Today’s card is not a card. It’s a zentangle with a poem. It’s not my poem. And, if I am going to be precise, it’s a haiku. It’s by this guy who knew how to wield a pen and a sword. It’s by a samurai named Mizuta Masahide.
What you see in this zentangle is an alternate translation. This is what I found as an original or closer version.
Barn’s burnt down —
I can see the moon.
Both are lovely but I find that I prefer the visceral punch of the second one. It’s so raw but the lyrical hope at the end makes me teary.
The samurai competed in so many things…are you surprised to learn that one of those was also poetry? How completely opposed is the art of war and the art of poetry?
But I digress. What I wanted to say is this. This poem is the Tower card.
Have you have ever lost your barn (metaphor,darlings, metaphor)? You know…those catastrophic, “my life as I know it is completely over and I shall never see Tara again” moments? [Whoa! Hold on as I whip you from 17th century Japan over to 19th century Georgia!]
Do you remember when you first realized you could see the moon [metaphor again, darlings]? That instant when you realized not only were you going to survive, but you were going to be a stronger version of the you pre-burnt barn?
Yeah. That moment right there.
That’s the moon moment.
Take 180 seconds today to recall that feeling when you realized that you could see beautiful new things even though you’d lost something you thought so precious. Even though you thought you couldn’t go on, you did.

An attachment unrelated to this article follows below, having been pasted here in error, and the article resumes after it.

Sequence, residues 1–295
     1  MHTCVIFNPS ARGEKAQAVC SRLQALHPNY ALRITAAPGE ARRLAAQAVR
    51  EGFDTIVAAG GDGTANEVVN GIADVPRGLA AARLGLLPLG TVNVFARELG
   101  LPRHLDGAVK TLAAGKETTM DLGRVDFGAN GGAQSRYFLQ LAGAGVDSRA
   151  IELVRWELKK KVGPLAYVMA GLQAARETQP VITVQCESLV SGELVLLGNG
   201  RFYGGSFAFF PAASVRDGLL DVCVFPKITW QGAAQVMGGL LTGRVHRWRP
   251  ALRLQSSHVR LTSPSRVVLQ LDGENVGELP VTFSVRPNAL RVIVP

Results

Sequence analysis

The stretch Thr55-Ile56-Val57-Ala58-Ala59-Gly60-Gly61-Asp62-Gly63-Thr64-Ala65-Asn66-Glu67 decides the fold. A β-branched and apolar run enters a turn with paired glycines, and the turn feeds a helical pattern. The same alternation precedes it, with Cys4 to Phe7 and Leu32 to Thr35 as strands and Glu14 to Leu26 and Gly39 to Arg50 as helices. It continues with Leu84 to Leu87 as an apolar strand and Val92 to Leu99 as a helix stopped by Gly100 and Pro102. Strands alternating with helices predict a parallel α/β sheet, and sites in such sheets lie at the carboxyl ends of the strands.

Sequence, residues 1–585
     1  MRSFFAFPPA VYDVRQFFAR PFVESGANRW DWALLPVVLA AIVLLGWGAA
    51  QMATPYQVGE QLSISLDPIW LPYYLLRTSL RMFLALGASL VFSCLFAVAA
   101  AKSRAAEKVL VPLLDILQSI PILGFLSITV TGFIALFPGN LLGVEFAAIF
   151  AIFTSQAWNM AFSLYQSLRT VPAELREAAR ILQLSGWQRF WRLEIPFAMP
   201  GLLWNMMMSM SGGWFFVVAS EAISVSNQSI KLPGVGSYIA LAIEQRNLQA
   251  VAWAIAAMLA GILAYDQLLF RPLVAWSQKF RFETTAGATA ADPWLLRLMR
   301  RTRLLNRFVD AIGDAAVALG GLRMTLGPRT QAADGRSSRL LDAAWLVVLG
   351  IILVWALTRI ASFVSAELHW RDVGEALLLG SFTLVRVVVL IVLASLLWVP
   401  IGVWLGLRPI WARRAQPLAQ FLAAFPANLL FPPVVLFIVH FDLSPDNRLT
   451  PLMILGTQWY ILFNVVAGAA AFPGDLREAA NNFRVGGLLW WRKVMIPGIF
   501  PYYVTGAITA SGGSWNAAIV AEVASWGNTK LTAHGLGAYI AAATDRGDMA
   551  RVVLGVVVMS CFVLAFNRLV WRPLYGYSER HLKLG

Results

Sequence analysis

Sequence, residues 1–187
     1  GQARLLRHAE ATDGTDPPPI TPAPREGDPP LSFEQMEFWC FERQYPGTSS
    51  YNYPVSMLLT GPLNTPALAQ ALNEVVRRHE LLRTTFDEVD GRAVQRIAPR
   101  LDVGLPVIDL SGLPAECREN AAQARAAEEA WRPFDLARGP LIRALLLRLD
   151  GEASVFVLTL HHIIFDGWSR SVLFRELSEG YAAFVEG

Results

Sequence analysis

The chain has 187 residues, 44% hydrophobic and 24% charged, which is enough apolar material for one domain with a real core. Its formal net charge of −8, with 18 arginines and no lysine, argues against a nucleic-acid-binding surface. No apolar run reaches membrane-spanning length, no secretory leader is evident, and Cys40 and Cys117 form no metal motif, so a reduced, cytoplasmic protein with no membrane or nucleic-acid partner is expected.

For me, that barn? Well, I’ve had my fair share of burnt barns–the kind that are long and smoldering (the death of my mother), the kind that are middle of the night “Pa! The barn’s on fire” (break up that I thought I’d never survive), to the kind that are like a wildfire took down your barn, your house and your other house too.
What were the moons? After Mama died, I realized that there is a lot of her in me. I hear her come out of my mouth in so many ways. Used to make me cry more than laugh but now I laugh more than cry. That’s a moon.
So what about you? If you care to share what your three minutes brings you, I’d love to hear it.
Seek joy, y’all. Pass it on. See the moon.
Zentangle, Arwen Lynch, Poem by Mizuta Masahide 1657-1723, 6/17/2013
Here is a set of books that I listened to recently. It mesmerized me. It is, in its simplest form, the saga of the Samurai as told through the journey of one boy and one Samurai lord. It’s far more complex than that of course. I highly recommend this series–>Tales of the Otori. It still haunts me.